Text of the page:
Screening and Early Detection
Colorectal cancer

What is screening for colorectal cancer?

Screening is the process of looking for cancer in people who have no symptoms of the disease. In CRC screening, it means looking for adenoma polyps, before they produce symptoms or become cancerous and can be removed.
Click here to view the Health Authority Abu Dhabi recommendation for colorectal cancer screening

Colonoscopy  

What is Colonoscopy?

Colonoscopy is a test that allows your doctor to look inside your bowel using a thin, flexible tube called a colonoscope to look at the entire colon. A small video/camera is attached to the colonoscope so that pictures or video of the large bowel (colon) can be taken.
 


A colonoscopy helps find colon polyps, tumors, and tissue samples can also be collected and abnormal growths can be taken out. Colonoscopy is the “Gold Standard” for screening for Colorectal Cancer.

How to prepare for a colonoscopy:

You will be told to drink clear liquids for a day before the exam like plain tea or coffee with sugar but no milk. Most soft drinks are usually allowed unless they have red or purple food colorings, which could be mistaken for blood in the colon.  Do not eat or drink anything after midnight. You will need to take laxatives the day before the test and possibly an enema in the morning. Inform the doctor of all medical conditions and any medications taken regularly.

How is colonoscopy performed?

During colonoscopy, patients will be asked to lie on their left side on an examination table. A light sedative will be used to help keep patients relaxed.

The doctor will insert a colonoscope into the anus and slowly guide it through the rectum and bowel. A camera will transmit the image from inside the bowel allowing the doctor to carefully examine the bowel lining. Colonoscopy usually takes about 30 minutes, longer if a polyp is found and removed. Test results will usually be ready within 2weeks. Your doctor will inform you when you should be tested again.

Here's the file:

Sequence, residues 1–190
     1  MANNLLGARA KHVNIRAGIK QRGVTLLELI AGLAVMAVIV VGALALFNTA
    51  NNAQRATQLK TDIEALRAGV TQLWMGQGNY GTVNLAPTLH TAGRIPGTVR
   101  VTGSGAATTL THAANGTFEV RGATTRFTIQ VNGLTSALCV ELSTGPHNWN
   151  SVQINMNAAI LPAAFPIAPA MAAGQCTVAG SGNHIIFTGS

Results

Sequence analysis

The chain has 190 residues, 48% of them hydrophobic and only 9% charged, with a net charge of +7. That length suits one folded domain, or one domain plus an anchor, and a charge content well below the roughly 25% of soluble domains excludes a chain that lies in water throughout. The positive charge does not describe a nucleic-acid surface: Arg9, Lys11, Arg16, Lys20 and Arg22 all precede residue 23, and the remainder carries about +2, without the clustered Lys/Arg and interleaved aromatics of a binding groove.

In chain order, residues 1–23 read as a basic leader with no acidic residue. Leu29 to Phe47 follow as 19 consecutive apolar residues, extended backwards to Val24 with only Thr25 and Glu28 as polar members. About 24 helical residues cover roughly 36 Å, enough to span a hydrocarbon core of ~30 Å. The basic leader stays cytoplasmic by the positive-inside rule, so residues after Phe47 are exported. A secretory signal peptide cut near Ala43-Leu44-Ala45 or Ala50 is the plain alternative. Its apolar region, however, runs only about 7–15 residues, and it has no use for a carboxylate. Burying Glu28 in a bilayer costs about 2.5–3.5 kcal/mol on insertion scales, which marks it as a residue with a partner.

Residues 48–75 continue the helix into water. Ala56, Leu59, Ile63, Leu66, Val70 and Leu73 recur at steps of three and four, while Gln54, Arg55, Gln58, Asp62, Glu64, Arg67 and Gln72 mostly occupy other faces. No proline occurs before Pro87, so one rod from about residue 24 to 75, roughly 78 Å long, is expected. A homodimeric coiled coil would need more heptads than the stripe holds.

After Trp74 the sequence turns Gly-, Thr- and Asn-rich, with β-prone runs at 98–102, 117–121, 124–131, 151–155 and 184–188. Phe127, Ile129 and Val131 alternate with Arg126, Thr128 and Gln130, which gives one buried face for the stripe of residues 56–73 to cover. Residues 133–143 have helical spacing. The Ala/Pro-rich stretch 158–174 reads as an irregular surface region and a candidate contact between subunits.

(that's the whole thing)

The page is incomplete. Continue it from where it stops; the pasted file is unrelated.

The Fecal Immunochemical Test (FIT)

The fecal immunochemical test (FIT), is a newer kind of fecal test that detects hidden blood in the stool.

Do I need to prepare for the FIT test?

There are no drug or dietary restrictions and sample collection is easy. Only one stool sample is required over one day. If the results are positive for hidden blood, a colonoscopy is required for further investigations. The test is simple, safe and painless.

You should not use the FIT if you are bleeding from a hemorrhoid or anal fissure, have blood in your urine or are a woman having your menstrual period or during the three days after the end of your period.

Positive results of a FIT do not always conclude that a person has colon cancer while negative results also fail to provide definite assurance that a person is unaffected.

HAAD recommends colonoscopy every 10 years in individuals of average risk starting from age 40 years and above for both men and women or FIT every two years.

Colon cancer prevention for people with a high risk

You are considered high Risk, if you have the following:

  1. Personal history of adenomas, colorectal cancer or inflammatory bowel disease.
  2. Positive family history of colorectal cancer (depending on the number of family members with disease and relation; first degree, second degree).
  3. Presence of High-Risk syndromes (Lynch syndrome, Familial Adenomatous Polyposis, Peutz-Jeghers Syndrome).

If you are high risk for developing colorectal cancer, you will need to consult your healthcare provider for the frequency of your tests. You may need to be screened earlier and more frequent..

Some treatments, including medications and surgery, have been found to reduce the risk of precancerous polyps or colon cancer. However, not enough evidence exists to recommend these medications to people who have an average risk of colon cancer. If you have an increased risk of colon cancer, discuss the benefits and risks of these preventive treatments with your doctor.